Signature of all owners required to transfer part of a strata corporation’s common property for highway dedication
November 7, 2017
BY Kevin Zakreski
In British Columbia (Minister of Transportation and Infrastructure) v Registrar, Victoria Land Title Office, 2017 BCSC 1999, the BC Supreme Court took on an issue that “has arisen in the past” with the hopes that “a determination here would clarify the requirements for the future.”
The case involved the level of approval required to allow a transfer of strata corporation’s common property to be registered in the land title office. It had its origins in a project by the Minister of Transportation and Infrastructure for British Columbia “to improve safety along an 11-kilometre section of the Trans-Canada Highway at the Malahat Summit on Vancouver Island.” The ministry needed a portion of strata corporation’s common property “for purposes of a highway stabilization slope that is part of the Project.” The strata corporation agreed “to dedicate the [portion of its common property] to the public as highway for valuable consideration.” This agreement was approved at a general meeting by a resolution passed by a 3/4 vote.
The Minister submitted the required electronic documents and a true copy of the certificate regarding the 3/4 vote to the Land Title Office on May 19, 2017 in order to effect deposit of Plan EPP69388. When accepted by the Land Title Office, the effect would be to dedicate the land shown on this plan as arterial highway pursuant to section 107 of the Land Title Act, and section 44.1 of the Transportation Act, SBC 2004, c. 44.
In response, the registrar issued a notice declining to register, citing section 253 of the Strata Property Act in support. Section 253 (1) of that act provides that “[a] disposition of common property by way of any of the following is a subdivision of land and Part 7 of the Land Title Act applies to that subdivision”:
- a transfer of a freehold estate;
- a lease for a term exceeding 3 years;
- an interest that confers or may confer a right to acquire a freehold estate or a lease exceeding 3 years.
The relevant provision from part 7 of the Land Title Act (section 97) holds that “[a] subdivision plan must be signed by each owner of the land subdivided.”
The minister argued before the court that the dedication of land for a highway isn’t a transfer of a freehold estate, so section 80 (2) of the Strata Property Act (which allows for a “disposal” of common property by means of a 3/4 vote) should apply instead of section 253. The court rejected this argument:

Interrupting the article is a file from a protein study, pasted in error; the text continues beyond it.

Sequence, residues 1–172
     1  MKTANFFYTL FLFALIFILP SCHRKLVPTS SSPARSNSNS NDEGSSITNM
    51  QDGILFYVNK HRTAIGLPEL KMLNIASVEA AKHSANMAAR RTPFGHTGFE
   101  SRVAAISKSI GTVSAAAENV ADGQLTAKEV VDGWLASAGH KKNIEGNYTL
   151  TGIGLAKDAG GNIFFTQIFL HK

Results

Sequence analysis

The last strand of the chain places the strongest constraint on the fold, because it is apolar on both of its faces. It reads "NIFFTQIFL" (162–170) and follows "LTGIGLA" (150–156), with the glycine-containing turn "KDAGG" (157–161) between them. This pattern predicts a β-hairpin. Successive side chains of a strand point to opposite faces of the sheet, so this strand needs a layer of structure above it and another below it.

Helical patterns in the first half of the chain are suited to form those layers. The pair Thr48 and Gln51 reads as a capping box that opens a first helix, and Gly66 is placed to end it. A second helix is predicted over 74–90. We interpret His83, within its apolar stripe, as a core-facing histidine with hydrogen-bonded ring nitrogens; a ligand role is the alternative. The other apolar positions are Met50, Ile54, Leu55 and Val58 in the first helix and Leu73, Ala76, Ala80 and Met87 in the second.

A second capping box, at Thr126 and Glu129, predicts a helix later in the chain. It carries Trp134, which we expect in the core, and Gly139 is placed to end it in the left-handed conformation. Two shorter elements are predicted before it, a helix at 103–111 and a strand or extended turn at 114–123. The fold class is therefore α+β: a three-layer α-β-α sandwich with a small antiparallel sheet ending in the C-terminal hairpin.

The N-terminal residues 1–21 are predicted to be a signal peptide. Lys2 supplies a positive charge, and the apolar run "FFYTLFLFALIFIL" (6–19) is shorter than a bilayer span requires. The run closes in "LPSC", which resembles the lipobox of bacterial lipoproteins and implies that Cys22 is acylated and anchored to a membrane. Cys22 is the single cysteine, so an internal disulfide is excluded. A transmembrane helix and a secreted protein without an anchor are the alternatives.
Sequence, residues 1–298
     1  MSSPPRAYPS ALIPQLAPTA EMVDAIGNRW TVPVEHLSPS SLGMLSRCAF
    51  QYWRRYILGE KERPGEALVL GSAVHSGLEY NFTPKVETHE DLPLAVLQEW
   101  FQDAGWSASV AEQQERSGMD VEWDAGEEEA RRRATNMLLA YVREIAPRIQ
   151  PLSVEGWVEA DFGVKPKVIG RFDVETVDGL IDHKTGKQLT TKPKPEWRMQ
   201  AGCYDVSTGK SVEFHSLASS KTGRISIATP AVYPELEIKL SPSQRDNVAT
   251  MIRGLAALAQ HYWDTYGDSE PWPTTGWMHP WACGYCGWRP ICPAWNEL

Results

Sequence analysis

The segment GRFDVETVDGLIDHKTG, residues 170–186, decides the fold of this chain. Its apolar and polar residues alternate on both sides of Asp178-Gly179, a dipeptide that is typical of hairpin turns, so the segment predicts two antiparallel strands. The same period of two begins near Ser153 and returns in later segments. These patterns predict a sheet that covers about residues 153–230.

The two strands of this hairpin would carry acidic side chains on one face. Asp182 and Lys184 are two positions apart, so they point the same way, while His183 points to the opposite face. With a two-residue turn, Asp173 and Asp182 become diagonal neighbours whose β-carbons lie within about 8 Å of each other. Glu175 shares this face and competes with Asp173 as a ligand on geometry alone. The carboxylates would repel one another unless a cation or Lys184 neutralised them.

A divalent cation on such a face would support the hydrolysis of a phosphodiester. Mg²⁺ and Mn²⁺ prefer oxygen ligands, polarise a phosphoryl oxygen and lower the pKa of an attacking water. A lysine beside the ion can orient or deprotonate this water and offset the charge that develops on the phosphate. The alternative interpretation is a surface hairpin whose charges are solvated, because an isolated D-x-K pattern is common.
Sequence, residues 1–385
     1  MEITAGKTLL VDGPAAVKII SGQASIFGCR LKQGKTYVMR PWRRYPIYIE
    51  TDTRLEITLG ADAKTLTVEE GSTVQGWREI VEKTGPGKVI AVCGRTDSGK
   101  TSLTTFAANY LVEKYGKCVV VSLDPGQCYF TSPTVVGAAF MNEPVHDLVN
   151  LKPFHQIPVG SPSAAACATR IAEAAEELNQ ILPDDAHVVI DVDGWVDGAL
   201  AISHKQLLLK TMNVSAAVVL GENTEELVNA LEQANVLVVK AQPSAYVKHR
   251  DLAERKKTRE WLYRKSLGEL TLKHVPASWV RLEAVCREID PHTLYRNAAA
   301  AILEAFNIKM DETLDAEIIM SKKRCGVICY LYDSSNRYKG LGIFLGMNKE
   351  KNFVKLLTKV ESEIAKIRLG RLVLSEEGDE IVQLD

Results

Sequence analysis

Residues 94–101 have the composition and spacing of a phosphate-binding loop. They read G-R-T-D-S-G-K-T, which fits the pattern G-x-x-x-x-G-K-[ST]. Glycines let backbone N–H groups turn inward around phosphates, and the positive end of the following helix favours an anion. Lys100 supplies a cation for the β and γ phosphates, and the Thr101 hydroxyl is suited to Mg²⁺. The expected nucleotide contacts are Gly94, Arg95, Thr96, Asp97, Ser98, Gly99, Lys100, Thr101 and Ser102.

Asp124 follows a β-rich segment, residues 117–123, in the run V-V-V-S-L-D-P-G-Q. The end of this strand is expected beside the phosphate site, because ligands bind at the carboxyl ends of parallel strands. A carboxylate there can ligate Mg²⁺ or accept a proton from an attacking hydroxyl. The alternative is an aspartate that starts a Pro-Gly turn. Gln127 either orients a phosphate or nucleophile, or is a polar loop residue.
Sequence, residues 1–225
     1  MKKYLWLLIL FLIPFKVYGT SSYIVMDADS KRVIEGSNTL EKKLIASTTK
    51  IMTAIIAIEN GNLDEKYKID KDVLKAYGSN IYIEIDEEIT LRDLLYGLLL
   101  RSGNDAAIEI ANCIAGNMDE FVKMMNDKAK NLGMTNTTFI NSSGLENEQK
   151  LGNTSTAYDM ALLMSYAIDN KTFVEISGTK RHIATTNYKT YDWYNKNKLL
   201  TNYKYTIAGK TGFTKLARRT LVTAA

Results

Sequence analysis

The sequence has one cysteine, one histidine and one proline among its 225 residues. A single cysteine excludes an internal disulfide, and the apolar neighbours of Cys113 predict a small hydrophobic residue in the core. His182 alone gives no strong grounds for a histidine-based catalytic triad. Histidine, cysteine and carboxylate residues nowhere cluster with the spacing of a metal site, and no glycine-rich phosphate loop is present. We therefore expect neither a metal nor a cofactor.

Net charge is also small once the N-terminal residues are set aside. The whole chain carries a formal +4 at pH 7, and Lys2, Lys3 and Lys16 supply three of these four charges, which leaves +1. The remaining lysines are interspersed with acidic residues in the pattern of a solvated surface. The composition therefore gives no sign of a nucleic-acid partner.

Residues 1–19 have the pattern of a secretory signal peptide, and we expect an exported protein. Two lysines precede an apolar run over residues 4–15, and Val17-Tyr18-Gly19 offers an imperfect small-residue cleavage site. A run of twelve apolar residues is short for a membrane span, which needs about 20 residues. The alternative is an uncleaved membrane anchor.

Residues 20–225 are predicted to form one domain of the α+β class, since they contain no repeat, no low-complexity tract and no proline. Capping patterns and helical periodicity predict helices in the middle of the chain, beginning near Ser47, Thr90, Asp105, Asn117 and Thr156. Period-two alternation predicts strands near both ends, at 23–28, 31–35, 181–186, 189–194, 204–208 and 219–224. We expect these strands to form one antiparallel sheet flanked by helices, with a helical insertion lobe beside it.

The flaw in the appellant’s position is its focus on the characterization of what it obtained, i.e. a dedication; rather than, whether the disposition of common property from the strata owners to the appellant is a “transfer of a freehold estate.” In other words, the appellant’s position does not account for how a dedication arises.
A key fact is that the appellant applied to deposit the reference plan under section 107 of the LTA. The dedication sought is a statutory highway dedication, not a dedication based on the common law. The statutory dedication provides the Crown with a property interest, the Crown is vested with the “title to the highway” under s. 107(d). That title depends, necessarily, on eliminating the freehold title formerly held by the owners who transferred lands for highway purposes under s. 107. Thus, it follows that a freehold estate is transferred and therefore, the deposit of a plan under s. 107 requires compliance with Part 7 of the LTA. The disposition, constitutes a subdivision and a subdivision plan requires the signature of all owners. The depositing of a reference plan which is the case here, does not permit avoidance of the requirement for the signature of all owners. Section 103 requires the same signatures on reference plans.
The argument that the transfer of the common property cannot be a “transfer” because the “prescribed form of transfer for transfers of a freehold estate” does not apply to s. 107 dedications is not persuasive as s. 185(2)(b) makes clear that the Registrar may accept another form of transfer outside of the prescribed form.
Also, the reference to taxation statutes is not of assistance in the interpretation question here. As pointed out by the respondent, the Property Transfer Tax Act’s definition of “taxable transaction” provides that the tax is only triggered by the transfer of “an estate in fee simple referred to in section 23(2) of the Land Title Act.” The estate referenced in that section is a registered indefeasible title. Though in the present case the Crown is vested with a freehold interest, by virtue of s. 107(3) it is not vested with an indefeasible title.
In the result, the appeal from the registrar’s decision was dismissed.